If I could have figured out how to save a bite of that marvelous meal for Cora, I would have given her a taste after we left the table. As it was, all she got was a tempting sniff and a whole lot of "Sit!"

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Friday, June 25, 2010

Singing Soup

Some people, when presented with Vichyssoise, shake their heads and wonder why anyone with any sense would enjoy cold potato soup. I'm not one of them, nor is My Beloved. He noted this soup on the menu at Murray Circle first - otherwise, I'd have ordered it, myself.

The menu describes it as "Green garlic Vichyssoise with grilled grapes, shaved radish, cucumber and spiced almonds." We described it as smooth as a baby's butt, layered with flavors and beautifully presented.

Each taste was distinct as notes on a piano but if you scooped a spoonful of it all together, it sang like a Sweet Adelines quartet, smooth and joyous and modulated, with an extra note that lingers on the tongue even after the soup is gone. We shared sips of each others' soups - that may be gauche in such a nice restaurant but it just added to our enjoyment of our day off the rollercoaster.

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Thursday, June 24, 2010


I wish I had had the forethought to take a video of the presentation of my sweet pea gazpacho, the first course I chose at Murray Circle. It was done with dramatic flourish and delightful showmanship.

First, the square bowl was placed in front of me. It contained a thin, round, frozen wafer of citrus juice underlaid by minced fresh peas and green garlic tucked underneath. Then, the waiter poured the cold fresh pea soup, lightly flavored with serrano chilis, over the wafer, partially melting it. I spooned up the soup by breaking through the tangy crust of OJ to scoop some of the peas and green garlic along with the crunchy citrus juice and velvety smooth soup. What a wonderful, lively combination they all made, as green as Ireland and as fresh as spring on the first day of summer.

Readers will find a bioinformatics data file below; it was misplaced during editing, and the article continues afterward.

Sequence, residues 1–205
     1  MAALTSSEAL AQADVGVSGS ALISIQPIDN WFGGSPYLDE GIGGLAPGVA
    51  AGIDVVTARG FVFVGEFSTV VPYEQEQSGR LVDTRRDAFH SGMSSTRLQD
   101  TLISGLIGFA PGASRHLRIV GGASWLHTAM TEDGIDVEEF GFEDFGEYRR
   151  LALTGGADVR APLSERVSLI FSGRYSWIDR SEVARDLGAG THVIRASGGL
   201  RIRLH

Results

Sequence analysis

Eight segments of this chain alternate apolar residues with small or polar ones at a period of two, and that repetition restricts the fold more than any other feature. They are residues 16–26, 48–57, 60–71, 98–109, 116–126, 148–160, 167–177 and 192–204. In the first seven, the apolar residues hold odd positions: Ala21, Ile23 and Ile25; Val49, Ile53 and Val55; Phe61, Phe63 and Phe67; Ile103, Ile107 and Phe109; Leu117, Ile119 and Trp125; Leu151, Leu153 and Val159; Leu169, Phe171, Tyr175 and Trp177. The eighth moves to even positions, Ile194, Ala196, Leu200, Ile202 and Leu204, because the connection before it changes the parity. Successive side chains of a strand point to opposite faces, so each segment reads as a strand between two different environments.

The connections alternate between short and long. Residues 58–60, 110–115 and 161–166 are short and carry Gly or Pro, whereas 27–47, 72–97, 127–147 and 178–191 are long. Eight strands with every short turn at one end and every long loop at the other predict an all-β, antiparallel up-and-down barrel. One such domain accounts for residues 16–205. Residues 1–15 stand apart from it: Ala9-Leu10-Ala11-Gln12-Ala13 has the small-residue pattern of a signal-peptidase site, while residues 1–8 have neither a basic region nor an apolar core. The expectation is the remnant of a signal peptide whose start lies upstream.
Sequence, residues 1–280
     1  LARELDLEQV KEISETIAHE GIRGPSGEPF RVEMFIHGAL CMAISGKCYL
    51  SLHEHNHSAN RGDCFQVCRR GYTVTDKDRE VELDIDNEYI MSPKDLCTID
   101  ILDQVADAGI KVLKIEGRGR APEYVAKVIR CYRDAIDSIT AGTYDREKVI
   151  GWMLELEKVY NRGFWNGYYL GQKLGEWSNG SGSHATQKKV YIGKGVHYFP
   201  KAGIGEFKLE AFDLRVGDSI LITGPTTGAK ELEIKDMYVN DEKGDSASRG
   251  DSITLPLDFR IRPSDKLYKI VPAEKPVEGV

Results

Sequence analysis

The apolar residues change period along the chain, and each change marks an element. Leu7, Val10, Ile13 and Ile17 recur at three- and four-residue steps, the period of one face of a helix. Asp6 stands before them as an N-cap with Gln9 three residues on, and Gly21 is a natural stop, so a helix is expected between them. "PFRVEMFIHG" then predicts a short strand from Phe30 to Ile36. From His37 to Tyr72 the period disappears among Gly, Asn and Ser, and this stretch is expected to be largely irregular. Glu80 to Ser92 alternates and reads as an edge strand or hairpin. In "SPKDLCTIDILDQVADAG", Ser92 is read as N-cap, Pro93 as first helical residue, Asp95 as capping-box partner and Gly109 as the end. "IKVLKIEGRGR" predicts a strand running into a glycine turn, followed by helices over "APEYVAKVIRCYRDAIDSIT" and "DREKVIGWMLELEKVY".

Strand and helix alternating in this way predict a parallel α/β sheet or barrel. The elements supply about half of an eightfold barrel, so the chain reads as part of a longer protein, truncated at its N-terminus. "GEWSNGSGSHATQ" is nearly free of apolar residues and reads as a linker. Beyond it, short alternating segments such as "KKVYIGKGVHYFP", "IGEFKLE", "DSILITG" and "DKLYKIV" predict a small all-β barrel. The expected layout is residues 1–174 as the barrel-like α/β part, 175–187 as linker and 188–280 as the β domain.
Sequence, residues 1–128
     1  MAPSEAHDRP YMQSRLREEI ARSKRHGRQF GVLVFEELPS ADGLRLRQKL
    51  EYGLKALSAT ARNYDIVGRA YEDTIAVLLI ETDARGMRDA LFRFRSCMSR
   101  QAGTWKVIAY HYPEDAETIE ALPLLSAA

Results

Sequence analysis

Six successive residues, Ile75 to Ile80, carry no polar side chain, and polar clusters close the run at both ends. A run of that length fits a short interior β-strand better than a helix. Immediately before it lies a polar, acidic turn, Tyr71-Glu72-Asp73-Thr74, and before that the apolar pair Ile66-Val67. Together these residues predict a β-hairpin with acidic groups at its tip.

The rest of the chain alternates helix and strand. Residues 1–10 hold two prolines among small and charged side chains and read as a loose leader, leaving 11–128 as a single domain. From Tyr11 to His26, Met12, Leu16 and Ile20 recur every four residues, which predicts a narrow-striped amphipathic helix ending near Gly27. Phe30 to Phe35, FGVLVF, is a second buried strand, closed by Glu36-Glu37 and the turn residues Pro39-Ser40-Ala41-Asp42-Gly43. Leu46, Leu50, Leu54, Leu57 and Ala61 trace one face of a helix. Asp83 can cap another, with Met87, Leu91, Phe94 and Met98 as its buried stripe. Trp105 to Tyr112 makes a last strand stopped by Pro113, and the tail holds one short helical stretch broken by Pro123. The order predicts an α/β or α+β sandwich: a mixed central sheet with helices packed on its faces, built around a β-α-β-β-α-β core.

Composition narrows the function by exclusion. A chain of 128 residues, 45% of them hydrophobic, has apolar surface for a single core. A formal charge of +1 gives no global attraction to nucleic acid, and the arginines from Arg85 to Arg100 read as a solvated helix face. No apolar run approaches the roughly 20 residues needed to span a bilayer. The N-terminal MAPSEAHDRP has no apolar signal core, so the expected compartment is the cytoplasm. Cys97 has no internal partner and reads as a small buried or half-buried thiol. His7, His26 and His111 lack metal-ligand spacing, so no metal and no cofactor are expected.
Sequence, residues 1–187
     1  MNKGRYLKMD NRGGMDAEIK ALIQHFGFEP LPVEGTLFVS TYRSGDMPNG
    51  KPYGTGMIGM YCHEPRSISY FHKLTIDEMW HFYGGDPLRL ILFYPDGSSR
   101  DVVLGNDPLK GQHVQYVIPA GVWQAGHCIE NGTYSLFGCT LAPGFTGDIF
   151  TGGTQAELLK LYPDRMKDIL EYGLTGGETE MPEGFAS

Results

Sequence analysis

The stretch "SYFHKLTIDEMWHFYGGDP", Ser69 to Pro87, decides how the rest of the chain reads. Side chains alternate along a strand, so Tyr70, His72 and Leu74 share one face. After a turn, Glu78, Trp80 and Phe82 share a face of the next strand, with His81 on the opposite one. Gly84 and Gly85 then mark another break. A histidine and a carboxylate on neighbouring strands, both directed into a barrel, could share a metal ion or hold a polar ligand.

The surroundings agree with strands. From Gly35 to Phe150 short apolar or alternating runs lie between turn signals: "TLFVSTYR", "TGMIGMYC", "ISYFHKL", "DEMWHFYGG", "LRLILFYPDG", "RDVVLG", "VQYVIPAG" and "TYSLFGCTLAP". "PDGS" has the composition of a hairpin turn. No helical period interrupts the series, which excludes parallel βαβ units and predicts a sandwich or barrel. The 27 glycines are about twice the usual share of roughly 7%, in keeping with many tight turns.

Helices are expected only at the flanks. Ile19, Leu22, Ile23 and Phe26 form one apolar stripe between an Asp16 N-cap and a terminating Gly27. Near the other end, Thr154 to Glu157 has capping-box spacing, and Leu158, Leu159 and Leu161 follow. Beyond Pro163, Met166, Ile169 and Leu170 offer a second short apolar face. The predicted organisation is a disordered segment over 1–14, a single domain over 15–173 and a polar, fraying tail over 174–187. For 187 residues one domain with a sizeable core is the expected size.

Showmanship alone never floats my boat but when it accompanies a dish as sophisticated and well conceived as this one, it adds to the enjoyment of the experience. The beautiful day, the beautiful surroundings, the beautiful dish all added up to a memorable outing with My Beloved.

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Wednesday, June 23, 2010

Jumping Off The Rollercoaster

My Beloved and I have been on a two-month rollercoaster ride. He has been ill, down on power and dizzy, with an elusive diagnosis for two months now. Most days, he's too exhausted to leave the house and, often, even his bed. Occasionally, he has felt well enough to work a day - followed by several "crash" days when he is out of airspeed and energy.

We still don't know what's causing his symptoms and the docs appear to be equally baffled. He will have more tests next Monday and we honestly don't know whether to hope the MRI will reveal the problem or not - if it does, it's likely to be serious. If it doesn't, we are back to square one.